There’s a thing about being a writer called, “You can never make any mistakes ever without people losing their minds.”
When you consider yourself a writer, people love to point out the errors you make. They love to call you out on every missed comma or misspelled word, and they feel SO good when they beat you in Scrabble (secret: I am horrible at spelling and I lose Scrabble almost every single time). When you are known for being talented with the written word, people can’t help but be twice as shocked to see you making the same errors they see other people make every day.
For a while, I would get a little embarrassed every time I didn’t catch a typo or a misspelled word in a status or comment on Facebook. It was worse when I didn’t catch similar mistakes on my blog (this is before my old website crashed, mind you). I knew people had a higher expectation of me as a writer, so it felt like I couldn’t even make the simplest mistakes without getting patronized hardcore.
Admittedly, I totally get it. I mentioned earlier, I do judge people on their grammar (even if I don’t consider myself a grammar nazi), ESPECIALLY other writers. However, I also understand that everyone effs up every once in a while.
So after coming to terms with the fact that I was going to make mistakes, and with the fact that other people were going to think it was a WAY bigger deal every time I did make mistakes, I stopped caring.
The fact of the matter is, people are always going to look for a reason to judge you, whether or not they’re any better at the topic in question than you are. If you are a writer, people are going to look for a reason to devalue that.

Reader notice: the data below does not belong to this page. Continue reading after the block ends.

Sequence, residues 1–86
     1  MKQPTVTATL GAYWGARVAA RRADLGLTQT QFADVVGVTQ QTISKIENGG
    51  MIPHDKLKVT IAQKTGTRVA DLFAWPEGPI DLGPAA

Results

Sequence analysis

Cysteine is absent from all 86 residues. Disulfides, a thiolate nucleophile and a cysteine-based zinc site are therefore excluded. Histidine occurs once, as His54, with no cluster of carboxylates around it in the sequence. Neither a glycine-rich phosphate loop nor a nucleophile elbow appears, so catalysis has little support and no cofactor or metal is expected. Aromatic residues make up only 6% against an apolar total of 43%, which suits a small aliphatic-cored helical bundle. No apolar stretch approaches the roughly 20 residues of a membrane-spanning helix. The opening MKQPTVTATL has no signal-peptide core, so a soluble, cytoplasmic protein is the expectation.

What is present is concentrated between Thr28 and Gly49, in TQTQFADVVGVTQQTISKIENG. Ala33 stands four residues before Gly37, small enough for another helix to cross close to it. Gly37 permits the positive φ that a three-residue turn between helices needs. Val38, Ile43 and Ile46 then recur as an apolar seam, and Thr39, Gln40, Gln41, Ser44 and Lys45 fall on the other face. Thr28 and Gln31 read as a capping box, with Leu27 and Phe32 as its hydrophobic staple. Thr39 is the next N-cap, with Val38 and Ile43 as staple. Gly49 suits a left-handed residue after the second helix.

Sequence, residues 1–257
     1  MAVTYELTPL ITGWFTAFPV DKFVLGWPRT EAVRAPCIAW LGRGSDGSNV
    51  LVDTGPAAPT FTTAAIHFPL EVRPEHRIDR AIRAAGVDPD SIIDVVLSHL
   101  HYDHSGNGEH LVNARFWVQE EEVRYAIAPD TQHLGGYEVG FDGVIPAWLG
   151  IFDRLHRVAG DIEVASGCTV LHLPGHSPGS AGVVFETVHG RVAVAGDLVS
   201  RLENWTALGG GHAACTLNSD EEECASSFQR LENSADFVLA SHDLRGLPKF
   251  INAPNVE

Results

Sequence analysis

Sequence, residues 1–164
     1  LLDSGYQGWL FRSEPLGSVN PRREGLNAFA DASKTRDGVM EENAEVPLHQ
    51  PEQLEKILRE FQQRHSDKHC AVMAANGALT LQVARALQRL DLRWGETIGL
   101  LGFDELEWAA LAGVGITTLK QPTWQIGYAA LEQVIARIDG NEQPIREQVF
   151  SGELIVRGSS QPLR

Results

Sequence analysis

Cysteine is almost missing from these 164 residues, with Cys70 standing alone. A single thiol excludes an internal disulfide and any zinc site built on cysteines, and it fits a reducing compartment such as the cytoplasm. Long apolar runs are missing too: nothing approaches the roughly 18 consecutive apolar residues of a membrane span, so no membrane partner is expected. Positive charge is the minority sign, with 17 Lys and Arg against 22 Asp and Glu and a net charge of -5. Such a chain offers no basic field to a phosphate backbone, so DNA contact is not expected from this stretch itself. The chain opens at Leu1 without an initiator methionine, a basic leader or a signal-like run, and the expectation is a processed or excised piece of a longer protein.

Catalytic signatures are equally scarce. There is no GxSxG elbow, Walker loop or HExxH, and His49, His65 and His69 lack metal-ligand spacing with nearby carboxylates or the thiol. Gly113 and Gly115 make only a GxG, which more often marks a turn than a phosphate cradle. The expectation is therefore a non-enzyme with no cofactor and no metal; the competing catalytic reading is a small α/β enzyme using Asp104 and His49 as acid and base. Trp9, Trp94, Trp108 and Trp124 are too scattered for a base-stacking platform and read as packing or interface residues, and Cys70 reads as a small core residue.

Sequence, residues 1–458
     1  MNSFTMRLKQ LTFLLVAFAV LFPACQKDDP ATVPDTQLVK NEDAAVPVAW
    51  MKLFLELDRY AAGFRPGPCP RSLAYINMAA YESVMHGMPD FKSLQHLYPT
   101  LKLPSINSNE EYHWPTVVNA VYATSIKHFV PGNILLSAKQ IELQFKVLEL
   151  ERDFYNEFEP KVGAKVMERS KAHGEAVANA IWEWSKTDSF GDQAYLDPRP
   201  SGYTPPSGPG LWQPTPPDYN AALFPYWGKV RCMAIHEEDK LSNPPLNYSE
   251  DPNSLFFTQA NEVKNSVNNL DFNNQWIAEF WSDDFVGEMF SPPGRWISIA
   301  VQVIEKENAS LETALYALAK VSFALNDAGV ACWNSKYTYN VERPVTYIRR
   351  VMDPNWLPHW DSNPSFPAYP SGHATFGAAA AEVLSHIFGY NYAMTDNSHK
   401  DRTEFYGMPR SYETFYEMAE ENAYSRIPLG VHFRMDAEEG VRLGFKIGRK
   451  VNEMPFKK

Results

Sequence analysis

(Of course, there is a big difference than accidentally misspelling a word and consistently getting simple grammar rules wrong–if you do that, I have nothing to say to you on this matter. You’re on your own.)
But if you make simple mistakes every so often, just go with the flow. That’s what I do now. If I catch my own mistakes somewhere I can’t correct them (and even on Facebook, I rarely “edit” the post and instead poke fun at myself in further comments), I just let it slide off my back. If I find mistakes on my blog, I edit them as soon as I see them.
Sometimes I don’t see them, and that’s where I need help from my readers and judgers. I actually really like it when people point out mistakes I make. It gives me an opportunity to correct them and turn my website into a clean, professional place to learn about writing.
And let’s face it–when we’re editing our own, we often skip over mistakes because we know what we meant. I can’t tell you how many times I’ve found simple mistakes that I totally missed because I knew what was supposed to be there and my brain filled in the cracks. It’s only after the sixth or seventh read through, or after a friend points it out to me, that I finally see it. Oops.
I’m not perfect. I make mistakes.
And I suck at spelling and Scrabble. Like, really, truly suck.